Daisy was surprised to find the second floor almost equally as crowded as
the train station below, albeit much more orderly and polite. After making
her delivery to a rather aloof secretary at the lawyer’s office, she decided to
make her way down to the restaurant despite the fact she knew that it
would be wildly busy.
And she was right. Nearly every table in the restaurant and every stool at the
counter was taken but, she reasoned, by the time she got her order a table
(or stool) might become available. After all, a lot of these people have trains
to catch. Or she could always just get her lunch to go and sit out by the river
and enjoy the unexpected warmth of the Christmas season.
The restaurant in Union Station included a large kitchen with an adjoining
dining room that consisted of several rows of large wooden tables and
benches with seating for around 75 people. There was also a counter with
stools where the dining room connected with the kitchen with seating for
another 30 or so people. Minimally adorned the room was large and
spacious, heaving with the aromas of broiling beef, frying chicken, searing
bacon, scrambling eggs, toasting bread and boiling potatoes amidst the
clamor and din of a hungry noontime crowd.
Daisy had been coming here quite often for lunch and had gotten to know
the waitresses, who (at first) were surprised to see a young woman having
lunch by herself. After talking with her and hearing her story, the waitresses
quickly befriended Daisy oftentimes giving her extra portions for free or little
care packages of afternoon snacks that she would take back with her and
share among the drivers in the Post Office stable (who also quickly
befriended Daisy as well).
By the time Daisy arrived a little after noon the restaurant was at capacity
and she saw before her a mass of lowered heads over lunch plates, busily
working away. The counter was just as busy with a few stragglers eating their
meals standing up. Daisy found a gap at the counter and was recognized
by one of the waitresses who quickly came over to her.
“Hi Louise! This place is really busy,”
“How are you holding up?”
“I’m doing okay,”
“We knew it would be like this. Same at the Post Office?”
“Yes, busier than I’ve ever been. I didn’t realize just how much mail comes
through this time of year,”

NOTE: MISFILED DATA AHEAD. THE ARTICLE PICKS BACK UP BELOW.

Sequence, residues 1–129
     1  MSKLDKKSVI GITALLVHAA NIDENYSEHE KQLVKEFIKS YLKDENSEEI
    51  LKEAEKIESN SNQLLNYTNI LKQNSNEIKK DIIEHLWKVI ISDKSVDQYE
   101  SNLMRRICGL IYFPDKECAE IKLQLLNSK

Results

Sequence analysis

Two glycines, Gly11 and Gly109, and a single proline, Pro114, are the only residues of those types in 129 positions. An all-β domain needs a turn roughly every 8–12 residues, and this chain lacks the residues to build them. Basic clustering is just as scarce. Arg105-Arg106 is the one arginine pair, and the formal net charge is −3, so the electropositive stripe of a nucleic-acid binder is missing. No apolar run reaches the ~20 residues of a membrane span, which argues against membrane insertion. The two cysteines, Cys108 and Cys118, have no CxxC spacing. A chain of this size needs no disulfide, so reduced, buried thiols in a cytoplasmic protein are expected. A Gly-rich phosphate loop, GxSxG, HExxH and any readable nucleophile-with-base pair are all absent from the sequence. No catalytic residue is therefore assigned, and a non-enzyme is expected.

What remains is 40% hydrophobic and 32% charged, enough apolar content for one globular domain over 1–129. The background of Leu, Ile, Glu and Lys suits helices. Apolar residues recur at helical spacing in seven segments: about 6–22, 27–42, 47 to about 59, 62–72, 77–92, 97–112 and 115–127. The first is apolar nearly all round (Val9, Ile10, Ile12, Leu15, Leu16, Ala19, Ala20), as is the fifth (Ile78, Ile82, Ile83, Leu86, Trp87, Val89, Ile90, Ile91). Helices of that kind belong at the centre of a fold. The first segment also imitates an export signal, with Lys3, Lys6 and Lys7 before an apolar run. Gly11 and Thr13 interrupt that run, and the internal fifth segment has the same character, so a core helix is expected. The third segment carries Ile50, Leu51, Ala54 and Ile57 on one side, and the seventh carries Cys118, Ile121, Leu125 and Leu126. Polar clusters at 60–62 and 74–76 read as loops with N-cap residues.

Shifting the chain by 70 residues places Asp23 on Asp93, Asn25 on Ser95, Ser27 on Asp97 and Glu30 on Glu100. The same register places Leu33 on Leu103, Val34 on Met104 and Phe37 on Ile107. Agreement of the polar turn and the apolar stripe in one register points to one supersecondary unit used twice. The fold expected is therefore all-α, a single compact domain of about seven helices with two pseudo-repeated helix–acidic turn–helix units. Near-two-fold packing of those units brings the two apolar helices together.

“So, what can I getya?”
“Oh Louise, whatever is fastest,”
said Daisy, looking over her shoulder at grunting masses of manly men eating away.
“I don’t think I can stand to be in here one more minute.”
“I know what you mean,”
“There’s some fried chicken that’s ready. And some potato salad.”
“That would be perfect, Louise!”
said Daisy. She felt herself being squeezed even tighter into the
counter as new diners came in and sat down. Just a few moments later,
Louise returned to the counter holding a bulging paper bag in front of her.
“Here you go, Daisy,”
“And Tom threw in a little dessert for you too. On the house.”
“Gosh, you all are so nice to me,”
said Daisy as pulled some coins from her pocket to pay Louise.
“Thanks so much. And good luck!”
“Yeah, I’ll need it to get through the next couple of weeks
Daisy gave her a wave goodbye and began making her way out of the
restaurant. She noticed that some of the diners were leaving and seats were
becoming available at several tables including one right by the back door
(which led out onto Washington Street) where from amongst the sea of
faces one face in particular stood out to her. It was Dan’s. And he was
waving at her, gesturing to an open seat beside him on the end of the
Daisy smiled and raised the bulging paper bag in greeting as she walked
“Would you like to join me? There’s plenty of room,”
said Dan as she passed.
“I can make more room if you like.”
She turned to him, now with her back to the back door.
“Yes, I’m sure you can but I’d rather be out in the fresh air,”
she said, backkicking the door open with one heal while turning on the other to exit.